Today, students recruited to work for the company are bombarded with letters, information packets and "Parents Brochures," and meet several times with local recruiters before the summer begins. They are asked to memorize six-page sales pitches verbatim and must attend a five-day session at the company's sales school in Nashville. Tenn, One college official who visited the school five years ago compares the training program to an evangelistic meeting with cheering contingencies from each college. Edward M. Noise, director of Yale's career advancement and placement service, adds that a Billy Graham-type figure exhorted sales techniques to a packed auditorium. Galloway, who attended the same session, says the company "gives a rather enthusiastic presentation like the military used to do." Students, he adds, are like "paratroopers ready to jump, in high spirits before they go out on their own."

Once students have gone through the training session, they are divided into sales teams and assigned to areas around the country, mostly in the rural South, Midwest and West.

Although the students must find their own housing, they are given many contacts and often go to local ministers for help. They usually stay in the same area for the entire summer and live with two or three other dealers Mark Tiedemann, a sophomore at Trinity, sold books in Saginaw. Michigan last summer Fortunately, Tiedemann says he got free board from a Baptist minister, who let him stay in an old part of a church.

Although many of the people in the town had been laid off. Tiedemann says the members on his sales team did very well: he netted $3500. This year Tiedemann is a student manager for Southwestern and has so far recruited 12 students one of whom is from Harvard.

Clara Y. Bingham '85, who is joining Tiedemann's group, learned about Southwestern through Tiedemann, who is an old friend. She describes Southwestern as "a word-of-mouth network within the country," adding that recruiters "seduce you into selling." After attending the sales school in late May. Bingham says her team will be assigned to an area in the West. Every Sunday they will meet for a "pow-wow" to compare experiences and successes Describing Southwestern as a "capitalistic cult." Bingham says she will sell the books "partly for the money and partly for the adventure."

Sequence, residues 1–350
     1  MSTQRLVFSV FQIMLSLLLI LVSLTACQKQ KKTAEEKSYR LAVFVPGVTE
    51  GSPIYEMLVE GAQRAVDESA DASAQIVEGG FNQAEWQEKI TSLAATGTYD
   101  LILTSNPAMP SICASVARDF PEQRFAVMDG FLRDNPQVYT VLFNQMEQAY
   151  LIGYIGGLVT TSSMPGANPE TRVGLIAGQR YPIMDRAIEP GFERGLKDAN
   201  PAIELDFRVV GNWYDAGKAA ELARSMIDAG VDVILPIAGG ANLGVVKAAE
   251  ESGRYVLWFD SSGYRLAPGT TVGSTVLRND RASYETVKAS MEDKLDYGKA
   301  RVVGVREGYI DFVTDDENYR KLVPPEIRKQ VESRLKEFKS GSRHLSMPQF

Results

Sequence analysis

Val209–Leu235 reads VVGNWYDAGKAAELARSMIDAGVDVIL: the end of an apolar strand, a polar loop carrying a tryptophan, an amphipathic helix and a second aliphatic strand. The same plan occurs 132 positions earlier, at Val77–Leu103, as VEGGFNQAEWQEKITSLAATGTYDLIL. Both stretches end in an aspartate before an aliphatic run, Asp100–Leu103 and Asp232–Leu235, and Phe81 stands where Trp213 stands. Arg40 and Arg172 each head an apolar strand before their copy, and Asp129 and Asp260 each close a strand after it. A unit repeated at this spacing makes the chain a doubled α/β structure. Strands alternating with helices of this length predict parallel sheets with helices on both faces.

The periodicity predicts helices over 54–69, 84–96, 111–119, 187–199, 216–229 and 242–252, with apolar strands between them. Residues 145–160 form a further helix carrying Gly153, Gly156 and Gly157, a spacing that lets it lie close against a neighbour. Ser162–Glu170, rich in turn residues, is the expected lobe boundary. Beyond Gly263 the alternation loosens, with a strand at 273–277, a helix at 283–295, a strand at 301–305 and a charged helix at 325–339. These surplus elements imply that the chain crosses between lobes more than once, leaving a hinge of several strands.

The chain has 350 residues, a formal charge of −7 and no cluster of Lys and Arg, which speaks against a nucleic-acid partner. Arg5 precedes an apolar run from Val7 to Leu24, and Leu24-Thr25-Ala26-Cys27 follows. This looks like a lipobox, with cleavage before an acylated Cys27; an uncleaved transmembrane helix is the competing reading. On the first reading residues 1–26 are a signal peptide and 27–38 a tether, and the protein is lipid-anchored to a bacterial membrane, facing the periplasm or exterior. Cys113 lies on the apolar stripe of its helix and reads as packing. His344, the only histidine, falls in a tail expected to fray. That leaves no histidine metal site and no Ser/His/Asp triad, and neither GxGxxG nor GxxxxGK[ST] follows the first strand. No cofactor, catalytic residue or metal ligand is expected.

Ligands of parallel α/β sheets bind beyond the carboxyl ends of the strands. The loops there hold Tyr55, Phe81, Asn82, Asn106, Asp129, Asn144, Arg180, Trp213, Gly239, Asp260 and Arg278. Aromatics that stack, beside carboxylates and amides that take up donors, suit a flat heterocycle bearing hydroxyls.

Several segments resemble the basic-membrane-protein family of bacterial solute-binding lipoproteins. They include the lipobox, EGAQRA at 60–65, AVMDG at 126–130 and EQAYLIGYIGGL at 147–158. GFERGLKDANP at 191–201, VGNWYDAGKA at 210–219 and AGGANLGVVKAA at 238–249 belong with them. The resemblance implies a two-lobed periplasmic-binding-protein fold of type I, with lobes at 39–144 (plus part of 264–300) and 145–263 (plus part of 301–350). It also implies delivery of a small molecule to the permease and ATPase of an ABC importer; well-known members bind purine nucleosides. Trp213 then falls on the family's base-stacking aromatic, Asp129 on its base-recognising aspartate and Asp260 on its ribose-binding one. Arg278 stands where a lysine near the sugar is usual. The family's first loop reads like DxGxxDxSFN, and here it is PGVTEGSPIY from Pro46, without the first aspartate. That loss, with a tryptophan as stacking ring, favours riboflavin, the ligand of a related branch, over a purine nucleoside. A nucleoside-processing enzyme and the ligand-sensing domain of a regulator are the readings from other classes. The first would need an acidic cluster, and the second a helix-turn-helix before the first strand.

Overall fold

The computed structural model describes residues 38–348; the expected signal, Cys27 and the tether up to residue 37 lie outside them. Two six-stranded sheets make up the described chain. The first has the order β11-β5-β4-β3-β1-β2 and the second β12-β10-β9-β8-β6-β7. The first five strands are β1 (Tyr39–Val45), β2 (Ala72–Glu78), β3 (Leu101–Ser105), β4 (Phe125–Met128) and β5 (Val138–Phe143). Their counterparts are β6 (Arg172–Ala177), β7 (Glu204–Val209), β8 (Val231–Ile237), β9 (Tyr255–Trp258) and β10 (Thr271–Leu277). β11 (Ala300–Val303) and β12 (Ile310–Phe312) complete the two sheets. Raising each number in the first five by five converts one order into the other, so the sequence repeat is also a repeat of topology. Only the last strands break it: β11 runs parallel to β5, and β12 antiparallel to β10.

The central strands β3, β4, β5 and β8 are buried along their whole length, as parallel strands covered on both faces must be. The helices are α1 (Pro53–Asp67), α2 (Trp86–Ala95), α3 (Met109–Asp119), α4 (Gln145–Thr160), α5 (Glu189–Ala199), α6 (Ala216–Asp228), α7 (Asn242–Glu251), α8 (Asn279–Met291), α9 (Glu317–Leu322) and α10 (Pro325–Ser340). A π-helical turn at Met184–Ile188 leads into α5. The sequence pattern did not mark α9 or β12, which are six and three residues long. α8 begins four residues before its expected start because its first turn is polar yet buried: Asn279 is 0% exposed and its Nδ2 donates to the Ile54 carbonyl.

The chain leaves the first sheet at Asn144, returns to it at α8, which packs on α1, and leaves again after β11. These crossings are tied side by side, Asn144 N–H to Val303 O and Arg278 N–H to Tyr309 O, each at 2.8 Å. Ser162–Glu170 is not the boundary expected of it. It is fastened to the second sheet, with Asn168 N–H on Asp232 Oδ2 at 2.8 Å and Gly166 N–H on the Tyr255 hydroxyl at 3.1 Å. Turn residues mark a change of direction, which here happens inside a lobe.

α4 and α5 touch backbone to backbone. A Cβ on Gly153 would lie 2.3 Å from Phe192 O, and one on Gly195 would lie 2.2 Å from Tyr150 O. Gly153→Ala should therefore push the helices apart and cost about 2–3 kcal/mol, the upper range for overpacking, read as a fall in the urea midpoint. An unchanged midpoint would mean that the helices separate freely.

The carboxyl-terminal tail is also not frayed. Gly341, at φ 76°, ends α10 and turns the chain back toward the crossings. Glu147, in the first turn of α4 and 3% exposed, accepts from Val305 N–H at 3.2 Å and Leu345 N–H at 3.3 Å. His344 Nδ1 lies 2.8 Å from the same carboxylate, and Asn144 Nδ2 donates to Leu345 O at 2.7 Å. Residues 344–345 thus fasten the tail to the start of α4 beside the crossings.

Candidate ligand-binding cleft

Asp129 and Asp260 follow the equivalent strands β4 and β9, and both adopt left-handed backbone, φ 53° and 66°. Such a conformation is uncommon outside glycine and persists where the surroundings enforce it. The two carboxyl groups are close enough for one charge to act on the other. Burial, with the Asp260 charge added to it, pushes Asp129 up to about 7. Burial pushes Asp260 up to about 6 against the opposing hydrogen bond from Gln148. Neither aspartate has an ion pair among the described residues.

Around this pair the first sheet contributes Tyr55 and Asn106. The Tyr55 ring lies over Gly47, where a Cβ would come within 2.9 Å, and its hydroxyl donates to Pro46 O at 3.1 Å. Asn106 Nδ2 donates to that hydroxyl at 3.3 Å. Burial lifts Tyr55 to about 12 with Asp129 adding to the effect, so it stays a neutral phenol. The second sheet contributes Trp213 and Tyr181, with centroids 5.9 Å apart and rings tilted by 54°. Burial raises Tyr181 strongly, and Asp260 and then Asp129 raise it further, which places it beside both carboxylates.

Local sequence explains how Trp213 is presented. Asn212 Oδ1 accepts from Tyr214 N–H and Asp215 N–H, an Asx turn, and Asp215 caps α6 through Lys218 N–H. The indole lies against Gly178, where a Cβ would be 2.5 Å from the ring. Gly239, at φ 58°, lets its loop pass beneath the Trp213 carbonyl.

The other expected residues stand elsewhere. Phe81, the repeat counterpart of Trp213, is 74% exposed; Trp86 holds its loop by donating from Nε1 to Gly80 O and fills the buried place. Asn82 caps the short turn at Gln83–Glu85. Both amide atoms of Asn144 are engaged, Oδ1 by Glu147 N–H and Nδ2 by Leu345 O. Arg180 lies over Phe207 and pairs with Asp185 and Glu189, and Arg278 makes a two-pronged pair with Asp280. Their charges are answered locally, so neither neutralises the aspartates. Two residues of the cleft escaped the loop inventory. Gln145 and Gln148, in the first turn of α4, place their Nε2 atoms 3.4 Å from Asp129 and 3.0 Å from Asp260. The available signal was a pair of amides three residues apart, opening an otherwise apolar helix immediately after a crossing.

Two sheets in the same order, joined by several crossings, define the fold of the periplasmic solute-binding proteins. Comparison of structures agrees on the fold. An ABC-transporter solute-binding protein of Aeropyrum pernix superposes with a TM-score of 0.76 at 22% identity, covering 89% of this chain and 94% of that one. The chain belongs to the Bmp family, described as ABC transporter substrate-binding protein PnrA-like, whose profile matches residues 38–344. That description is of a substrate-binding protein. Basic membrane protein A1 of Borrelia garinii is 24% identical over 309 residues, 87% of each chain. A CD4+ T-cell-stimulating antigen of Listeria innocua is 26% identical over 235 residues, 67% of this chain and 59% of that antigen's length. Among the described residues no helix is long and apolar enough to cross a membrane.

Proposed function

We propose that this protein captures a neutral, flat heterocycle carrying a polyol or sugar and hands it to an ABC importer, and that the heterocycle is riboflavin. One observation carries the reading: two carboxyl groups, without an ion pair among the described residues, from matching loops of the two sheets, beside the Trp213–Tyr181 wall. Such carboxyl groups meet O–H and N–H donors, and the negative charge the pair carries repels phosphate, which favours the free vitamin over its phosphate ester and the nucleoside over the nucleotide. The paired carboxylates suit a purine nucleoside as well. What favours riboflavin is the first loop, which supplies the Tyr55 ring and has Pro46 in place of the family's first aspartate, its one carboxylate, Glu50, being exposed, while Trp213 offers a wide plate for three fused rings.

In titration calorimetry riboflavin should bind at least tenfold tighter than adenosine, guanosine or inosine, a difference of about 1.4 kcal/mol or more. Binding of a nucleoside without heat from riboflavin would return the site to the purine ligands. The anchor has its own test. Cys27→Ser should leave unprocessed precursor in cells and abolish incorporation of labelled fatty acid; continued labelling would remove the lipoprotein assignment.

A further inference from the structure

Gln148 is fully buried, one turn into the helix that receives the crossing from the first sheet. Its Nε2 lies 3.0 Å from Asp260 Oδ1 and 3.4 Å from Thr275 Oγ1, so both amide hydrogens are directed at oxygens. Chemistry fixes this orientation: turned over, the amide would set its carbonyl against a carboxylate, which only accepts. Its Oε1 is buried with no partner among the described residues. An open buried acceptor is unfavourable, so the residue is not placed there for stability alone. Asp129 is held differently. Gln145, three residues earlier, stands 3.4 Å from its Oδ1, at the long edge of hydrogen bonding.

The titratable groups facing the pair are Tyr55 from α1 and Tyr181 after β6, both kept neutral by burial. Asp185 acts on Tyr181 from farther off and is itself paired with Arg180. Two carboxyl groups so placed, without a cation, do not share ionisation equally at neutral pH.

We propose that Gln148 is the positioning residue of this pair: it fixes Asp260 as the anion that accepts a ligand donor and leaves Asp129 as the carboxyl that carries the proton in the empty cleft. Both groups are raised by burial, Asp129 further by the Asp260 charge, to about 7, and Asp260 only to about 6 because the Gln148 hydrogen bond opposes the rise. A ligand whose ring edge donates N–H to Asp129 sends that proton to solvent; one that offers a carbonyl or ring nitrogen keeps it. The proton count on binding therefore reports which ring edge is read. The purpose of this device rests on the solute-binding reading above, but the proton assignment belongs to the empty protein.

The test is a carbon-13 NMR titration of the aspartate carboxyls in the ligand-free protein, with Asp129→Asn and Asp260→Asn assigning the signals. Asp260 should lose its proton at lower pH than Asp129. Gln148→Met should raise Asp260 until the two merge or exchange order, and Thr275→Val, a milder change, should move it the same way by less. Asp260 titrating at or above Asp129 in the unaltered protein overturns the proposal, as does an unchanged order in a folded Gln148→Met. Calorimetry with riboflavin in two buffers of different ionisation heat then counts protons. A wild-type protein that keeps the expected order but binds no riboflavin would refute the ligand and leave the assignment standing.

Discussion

During the year, the company offers various seminars and special weekends for students who have been with the company at least one summer At these weekends, the students and managers discuss recruiting techniques and watch psychologists' studies on why people excel, succeed, and make money.

Stacy P. Gilber, a junior at Brandeis, accompanied her boyfriend, a Southwestern salesman, to an awards ceremony in the Pocano Mountains last March. Numerous prizes were given out, including awards for hardest worker, most hours, and best sales presentation. Her boyfriend, who is paying his way through New York University law school, won a trip to the Bahamas during Christmas vacation.